Donald’s lady friend encountered a big problem at the dance lessons and that problem had a name – Gilberta. Gilberta was into dancing [she taught me in our living room as a young teen], she loved the big band era and she insisted on the man leading. [It is the only time and place, she ever let that happen.] Donald never wanted to lead and Gilberta insisted, on the dance floor, that he should and their romance blossomed. It blossomed on their terms. She had made an unfortunate mistake in briefly marrying a guy a few years after Dad died. It ended poorly and she was quick to get Dad’s name back and erase those ‘frivolous’ few months out of her life. Therefore she had no plans to ever marry again.
Donald was sticking to his first and only life decision also, but dancing was an entirely different decision, already made. They danced at lessons. They partied with the crowd. They watched movies. She cooked – he was an expert at eating. Mom showed concern for Donald’s Mom and Donald’s Mom finally gave up the idea of having grandchildren, and Mom was quick to loan hers out to them both.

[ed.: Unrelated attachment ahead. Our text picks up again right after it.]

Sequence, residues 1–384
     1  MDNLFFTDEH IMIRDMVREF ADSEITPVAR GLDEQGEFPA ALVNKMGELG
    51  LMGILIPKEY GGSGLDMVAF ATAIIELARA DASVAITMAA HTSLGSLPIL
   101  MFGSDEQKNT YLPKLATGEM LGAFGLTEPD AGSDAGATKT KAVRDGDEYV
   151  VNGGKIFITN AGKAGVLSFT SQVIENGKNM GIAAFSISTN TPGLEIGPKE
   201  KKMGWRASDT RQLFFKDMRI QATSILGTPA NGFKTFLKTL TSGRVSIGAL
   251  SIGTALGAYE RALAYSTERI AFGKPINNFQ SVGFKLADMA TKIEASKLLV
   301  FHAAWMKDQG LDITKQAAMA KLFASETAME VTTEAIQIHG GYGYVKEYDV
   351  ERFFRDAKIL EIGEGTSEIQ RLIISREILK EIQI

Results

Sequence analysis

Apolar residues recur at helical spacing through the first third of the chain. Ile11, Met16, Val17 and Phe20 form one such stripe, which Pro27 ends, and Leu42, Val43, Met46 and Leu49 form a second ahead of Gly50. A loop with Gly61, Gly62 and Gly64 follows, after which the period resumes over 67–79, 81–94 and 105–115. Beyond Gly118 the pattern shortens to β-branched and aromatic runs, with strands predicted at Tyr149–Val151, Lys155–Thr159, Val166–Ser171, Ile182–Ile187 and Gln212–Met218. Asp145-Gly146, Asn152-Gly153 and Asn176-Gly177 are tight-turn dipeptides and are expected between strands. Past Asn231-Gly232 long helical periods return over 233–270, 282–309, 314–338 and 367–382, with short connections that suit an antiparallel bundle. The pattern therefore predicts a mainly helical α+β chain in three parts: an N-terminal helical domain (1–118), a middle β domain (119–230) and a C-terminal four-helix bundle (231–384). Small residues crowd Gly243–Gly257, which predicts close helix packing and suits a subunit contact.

Donald was great at playing the grandfather figure. Mom had my two kids for grands, but my siblings dutifully came through during the Donald years and he was Grampy Don to five little ones as they came along. He was present at all the family get-togethers, the holidays and the summer vacations around Mom’s pool. Donald [and Mom,too] loved garage sales and shopped those grandkids with delight. Donald would show up for late breakfast at Moms. He lived across town and he was and still is a “Man of Routine”. He would go do something, come back after lunch or for lunch and hardly ever missed supper with Gilberta. Truth to tell, he had a razor at Mom’s, but we never mentioned that. They were dancing and life buddies, partners in every sense, till death did part them.